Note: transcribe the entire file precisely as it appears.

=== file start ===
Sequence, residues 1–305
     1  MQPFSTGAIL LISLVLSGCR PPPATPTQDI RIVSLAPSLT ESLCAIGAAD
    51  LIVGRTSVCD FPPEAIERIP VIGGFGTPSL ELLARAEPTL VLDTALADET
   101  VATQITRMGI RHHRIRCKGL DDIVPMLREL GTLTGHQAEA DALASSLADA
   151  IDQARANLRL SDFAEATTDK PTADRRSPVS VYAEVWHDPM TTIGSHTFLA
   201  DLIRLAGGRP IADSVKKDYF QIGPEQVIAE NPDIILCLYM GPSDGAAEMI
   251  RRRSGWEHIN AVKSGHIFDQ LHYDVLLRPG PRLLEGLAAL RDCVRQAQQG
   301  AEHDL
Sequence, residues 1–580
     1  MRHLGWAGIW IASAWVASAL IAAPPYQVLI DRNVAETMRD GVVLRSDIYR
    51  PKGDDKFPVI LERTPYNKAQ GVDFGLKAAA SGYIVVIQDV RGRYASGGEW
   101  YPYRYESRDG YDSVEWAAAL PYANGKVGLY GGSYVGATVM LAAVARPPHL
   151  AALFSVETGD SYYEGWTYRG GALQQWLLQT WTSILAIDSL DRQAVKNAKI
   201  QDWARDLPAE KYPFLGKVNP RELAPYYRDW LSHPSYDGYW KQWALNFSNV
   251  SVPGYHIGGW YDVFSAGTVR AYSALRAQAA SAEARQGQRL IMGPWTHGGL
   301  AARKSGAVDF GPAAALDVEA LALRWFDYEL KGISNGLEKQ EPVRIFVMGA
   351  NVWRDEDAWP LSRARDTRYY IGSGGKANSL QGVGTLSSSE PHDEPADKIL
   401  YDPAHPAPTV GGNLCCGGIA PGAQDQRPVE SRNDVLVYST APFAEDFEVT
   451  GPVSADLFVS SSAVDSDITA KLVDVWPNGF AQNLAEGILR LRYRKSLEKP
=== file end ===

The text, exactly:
Sequence, residues 1–305
     1  MQPFSTGAIL LISLVLSGCR PPPATPTQDI RIVSLAPSLT ESLCAIGAAD
    51  LIVGRTSVCD FPPEAIERIP VIGGFGTPSL ELLARAEPTL VLDTALADET
   101  VATQITRMGI RHHRIRCKGL DDIVPMLREL GTLTGHQAEA DALASSLADA
   151  IDQARANLRL SDFAEATTDK PTADRRSPVS VYAEVWHDPM TTIGSHTFLA
   201  DLIRLAGGRP IADSVKKDYF QIGPEQVIAE NPDIILCLYM GPSDGAAEMI
   251  RRRSGWEHIN AVKSGHIFDQ LHYDVLLRPG PRLLEGLAAL RDCVRQAQQG
   301  AEHDL
Sequence, residues 1–580
     1  MRHLGWAGIW IASAWVASAL IAAPPYQVLI DRNVAETMRD GVVLRSDIYR
    51  PKGDDKFPVI LERTPYNKAQ GVDFGLKAAA SGYIVVIQDV RGRYASGGEW
   101  YPYRYESRDG YDSVEWAAAL PYANGKVGLY GGSYVGATVM LAAVARPPHL
   151  AALFSVETGD SYYEGWTYRG GALQQWLLQT WTSILAIDSL DRQAVKNAKI
   201  QDWARDLPAE KYPFLGKVNP RELAPYYRDW LSHPSYDGYW KQWALNFSNV
   251  SVPGYHIGGW YDVFSAGTVR AYSALRAQAA SAEARQGQRL IMGPWTHGGL
   301  AARKSGAVDF GPAAALDVEA LALRWFDYEL KGISNGLEKQ EPVRIFVMGA
   351  NVWRDEDAWP LSRARDTRYY IGSGGKANSL QGVGTLSSSE PHDEPADKIL
   401  YDPAHPAPTV GGNLCCGGIA PGAQDQRPVE SRNDVLVYST APFAEDFEVT
   451  GPVSADLFVS SSAVDSDITA KLVDVWPNGF AQNLAEGILR LRYRKSLEKP